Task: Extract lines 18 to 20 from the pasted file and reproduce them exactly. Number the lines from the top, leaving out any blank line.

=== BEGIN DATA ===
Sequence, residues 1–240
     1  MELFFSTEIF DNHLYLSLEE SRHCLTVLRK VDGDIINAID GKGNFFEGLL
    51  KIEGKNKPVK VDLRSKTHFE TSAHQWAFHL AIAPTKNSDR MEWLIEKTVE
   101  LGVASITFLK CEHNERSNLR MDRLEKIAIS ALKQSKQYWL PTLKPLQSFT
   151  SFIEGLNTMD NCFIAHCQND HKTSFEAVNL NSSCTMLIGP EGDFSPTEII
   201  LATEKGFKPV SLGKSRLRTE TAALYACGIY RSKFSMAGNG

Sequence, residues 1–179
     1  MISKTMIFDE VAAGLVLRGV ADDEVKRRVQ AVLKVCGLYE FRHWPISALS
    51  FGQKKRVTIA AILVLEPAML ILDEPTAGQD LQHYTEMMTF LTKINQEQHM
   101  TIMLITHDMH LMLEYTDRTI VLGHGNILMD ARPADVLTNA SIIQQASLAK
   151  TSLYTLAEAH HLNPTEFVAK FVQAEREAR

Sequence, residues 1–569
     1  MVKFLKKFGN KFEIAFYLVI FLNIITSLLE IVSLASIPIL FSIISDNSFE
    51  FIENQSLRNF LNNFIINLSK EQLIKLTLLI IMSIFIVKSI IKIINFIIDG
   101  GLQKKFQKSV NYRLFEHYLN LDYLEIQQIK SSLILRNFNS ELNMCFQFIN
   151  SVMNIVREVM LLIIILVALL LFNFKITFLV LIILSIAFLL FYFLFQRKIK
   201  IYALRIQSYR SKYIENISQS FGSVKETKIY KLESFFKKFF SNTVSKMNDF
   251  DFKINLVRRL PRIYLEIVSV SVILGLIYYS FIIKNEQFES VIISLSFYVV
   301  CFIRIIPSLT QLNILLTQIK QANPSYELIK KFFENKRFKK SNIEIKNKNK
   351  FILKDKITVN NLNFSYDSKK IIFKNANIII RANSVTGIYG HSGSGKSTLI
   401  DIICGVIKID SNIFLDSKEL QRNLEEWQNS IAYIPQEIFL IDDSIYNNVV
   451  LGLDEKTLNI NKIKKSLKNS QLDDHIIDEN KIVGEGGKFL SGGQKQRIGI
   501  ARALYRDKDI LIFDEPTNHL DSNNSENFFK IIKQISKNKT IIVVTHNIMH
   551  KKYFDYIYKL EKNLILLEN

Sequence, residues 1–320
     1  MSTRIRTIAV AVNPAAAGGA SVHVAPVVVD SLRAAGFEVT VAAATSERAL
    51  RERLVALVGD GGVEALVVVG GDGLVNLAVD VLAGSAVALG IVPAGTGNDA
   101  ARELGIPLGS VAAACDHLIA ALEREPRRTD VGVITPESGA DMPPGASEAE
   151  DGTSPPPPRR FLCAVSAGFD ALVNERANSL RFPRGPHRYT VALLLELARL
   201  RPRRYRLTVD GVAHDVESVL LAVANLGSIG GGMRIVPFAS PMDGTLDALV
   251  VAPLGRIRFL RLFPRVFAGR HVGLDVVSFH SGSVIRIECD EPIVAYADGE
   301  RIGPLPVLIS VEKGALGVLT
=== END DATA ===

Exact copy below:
   251  DFKINLVRRL PRIYLEIVSV SVILGLIYYS FIIKNEQFES VIISLSFYVV
   301  CFIRIIPSLT QLNILLTQIK QANPSYELIK KFFENKRFKK SNIEIKNKNK
   351  FILKDKITVN NLNFSYDSKK IIFKNANIII RANSVTGIYG HSGSGKSTLI